The most difficult part of discovering and analyzing requirements on agile teams is determining how much detail is needed and when we should discuss the details. Early advocates of agile approaches, like SCRUM, emphasized a high level product vision at the beginning of development and then quick, lightweight user stories to support the vision detailed before each sprint. They suggested that we don’t need to get into any details until sprint planning. But as more and more teams are attempting to use agile approaches, the challenges of this requirements approach are exposed. Sometimes we need to get into details early to make sure we really understand where we are going. Developing requirements for an agile team is an elegant dance integrating broad product feature descriptions with as-needed detailed agreements about usability and technical interfaces.
The Dance of the Details
There are many reasons that our discussions about requirements need to get into details earlier than many would like, but here are 4 that come to mind:
1. Most people can’t visualize a new product before “seeing” how it will work. Recognition of this is an Agile strength. Broad product value statements created using techniques like a Product Box don’t help the Product Owner and other users get a concrete mental picture of what we are building.
2. Each individual human being learns differently. Neuroscience has shown that we need to add new knowledge to our “repository” by attaching it to something we already know. If you listen carefully to people talking about a new product idea, they will often compare the new idea to something they already know. “It could be like Amazon” or “it could be like the Uber app”.
3. To make sure that our product vision will work with other products and systems we need to talk about how interfaces will be built. This discussion may have both a business aspect and technical aspect. Do the products share data? Do they define it the same way? How will the data be transferred, validated, and secured?
4. And most importantly, business rules and business data elements must be identified and confirmed before we get too far down the release planning and prioritization paths. We need to make sure we understand the complexity needed to support the users and talk about which detailed features are more important or valuable than others. If we don’t have a strong business model as a foundation, we won’t build a product that is valuable and maintainable.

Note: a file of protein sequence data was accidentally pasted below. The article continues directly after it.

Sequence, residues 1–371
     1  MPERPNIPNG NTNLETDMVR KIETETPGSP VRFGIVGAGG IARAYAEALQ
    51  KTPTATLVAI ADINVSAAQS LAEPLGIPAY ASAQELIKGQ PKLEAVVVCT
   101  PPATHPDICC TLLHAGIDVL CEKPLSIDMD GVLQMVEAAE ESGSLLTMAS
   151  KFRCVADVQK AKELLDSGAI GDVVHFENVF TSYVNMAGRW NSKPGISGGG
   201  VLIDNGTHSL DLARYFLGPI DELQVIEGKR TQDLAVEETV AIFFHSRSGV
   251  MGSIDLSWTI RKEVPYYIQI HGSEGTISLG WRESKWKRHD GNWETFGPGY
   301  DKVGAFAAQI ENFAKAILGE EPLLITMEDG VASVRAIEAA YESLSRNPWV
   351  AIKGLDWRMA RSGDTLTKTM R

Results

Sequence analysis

If you mapped the level of requirements detail discussions across time during the duration of product development you would expect to see a line going from less details during visioning to more details during iteration (or sprint) planning.
Notice how we start at a high level but as we discuss product features and values, we alternate between less and more detail. (See why I call it a dance?) During visioning the discussion will take quick dips into the detail. These dips are needed to clarify understanding, flesh out an idea, or get agreement on the product direction. A strong facilitator watches as the discussion gets into increasing levels of details and periodically asks the group if this detail is critical now or can be discussed later.
The conclusions: Everyone on the team must be aware that discussions about requirements will “dance” between high level and details, and you need a strong facilitator for agile requirements discussions to make the dance easier.
RMC offers an Effective Agile Requirements class which demonstrates the “dance of the details” using a case study project with complex requirements analysis.
My passion for critical thinking and providing business value drove me to help define the business analysis profession. The business analysis profession is made up of individuals who excel at evaluating problems, identifying possible solutions, and assessing costs and benefits before recommending a change. As an early IIBA® member, I worked on the development of a worldwide standard for business analysis, the BABOK® Guide. I continue to volunteer with the IIBA mentoring, writing, presenting, and promoting the organization and its principles.